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Joyce to visit China for trade and education

Hon Steven Joyce
Minister for Economic Development

8 November 2013 Media Statement
Joyce to visit China for trade and education

Economic Development Minister Steven Joyce will travel to China tomorrow to highlight the New Zealand-China trade, science and education relationship.

The six-day visit will take in the cities of Shanghai, Hangzhou, Beijing and Shenzhen.

“The New Zealand-China trade relationship has grown quickly in the last decade, reflecting both China’s increasing importance to the world economy and the benefits to New Zealand of the New Zealand-China Free Trade Agreement” Mr Joyce says.

“The trade relationship is well known, however the New Zealand-China education relationship is also on the rise.”

In Hangzhou, Mr Joyce will take part in education meetings, and raise New Zealand’s education, business and investment profile into an important second-tier city.

In Shanghai and Beijing, Mr Joyce will host senior Chinese officials, company representatives and media at a series of high profile events aimed at enhancing the New Zealand brand and raising awareness of New Zealand’s food and beverages, technology, education and investment opportunities.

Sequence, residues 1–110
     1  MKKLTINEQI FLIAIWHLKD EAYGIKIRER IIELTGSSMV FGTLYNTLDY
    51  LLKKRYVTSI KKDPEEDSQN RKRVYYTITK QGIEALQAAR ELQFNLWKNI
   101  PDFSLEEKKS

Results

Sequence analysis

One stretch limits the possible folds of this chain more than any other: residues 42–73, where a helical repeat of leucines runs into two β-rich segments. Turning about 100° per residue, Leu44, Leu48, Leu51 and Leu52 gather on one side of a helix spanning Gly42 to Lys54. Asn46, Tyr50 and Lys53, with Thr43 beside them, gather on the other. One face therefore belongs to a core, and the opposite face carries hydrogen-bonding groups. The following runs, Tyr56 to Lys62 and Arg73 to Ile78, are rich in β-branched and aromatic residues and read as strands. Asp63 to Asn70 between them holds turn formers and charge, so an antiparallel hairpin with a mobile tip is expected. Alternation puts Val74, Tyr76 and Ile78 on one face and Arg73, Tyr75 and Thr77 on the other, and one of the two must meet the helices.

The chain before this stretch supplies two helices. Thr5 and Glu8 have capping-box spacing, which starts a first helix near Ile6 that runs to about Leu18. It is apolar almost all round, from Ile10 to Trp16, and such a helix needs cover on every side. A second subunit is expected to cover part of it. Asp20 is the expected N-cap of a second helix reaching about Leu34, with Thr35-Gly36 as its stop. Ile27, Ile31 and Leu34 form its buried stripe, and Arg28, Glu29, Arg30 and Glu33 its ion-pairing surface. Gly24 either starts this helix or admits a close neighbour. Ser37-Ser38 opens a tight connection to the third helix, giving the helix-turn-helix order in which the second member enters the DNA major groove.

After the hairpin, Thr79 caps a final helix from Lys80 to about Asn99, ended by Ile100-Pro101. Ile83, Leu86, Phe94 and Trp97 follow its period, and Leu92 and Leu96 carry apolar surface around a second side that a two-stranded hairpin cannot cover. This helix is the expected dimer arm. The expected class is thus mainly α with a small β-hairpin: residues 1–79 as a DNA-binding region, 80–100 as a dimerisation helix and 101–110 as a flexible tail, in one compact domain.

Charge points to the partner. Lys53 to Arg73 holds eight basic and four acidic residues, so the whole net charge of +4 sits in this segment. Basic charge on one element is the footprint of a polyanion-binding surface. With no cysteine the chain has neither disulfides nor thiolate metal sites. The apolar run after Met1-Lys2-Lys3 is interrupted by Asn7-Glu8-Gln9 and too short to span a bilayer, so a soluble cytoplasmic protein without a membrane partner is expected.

Mr Joyce will also open the Shenzhen Hi-Tech Fair, China’s largest hi-tech event, where eight New Zealand companies will be exhibiting.

“Since the FTA came into force in September 2008, more than 90 per cent of tariffs have been reduced to zero, two-way trade has increased by 75 per cent, and New Zealand exports to China have more than tripled,” Mr Joyce says.

“In the year ending September 2013, total two-way trade between New Zealand and China was up 16.8 per cent to NZ$16.53 billion. Exports were up 28.5 per cent to a record high of $8.27 billion, and imports were up 7 per cent to NZ$8.26 billion.

“Education is now New Zealand’s third largest export to China after dairy and wood, with over 24,000 fee-paying Chinese students studying in New Zealand in 2012 (up 4.5% on the previous year). Students from China now account for 27 per cent of the international student population in New Zealand, and contributed NZ$800 million to the economy.

“This trip provides the opportunity to highlight our educational strengths and the contribution we make to educating students from China.”

ENDS

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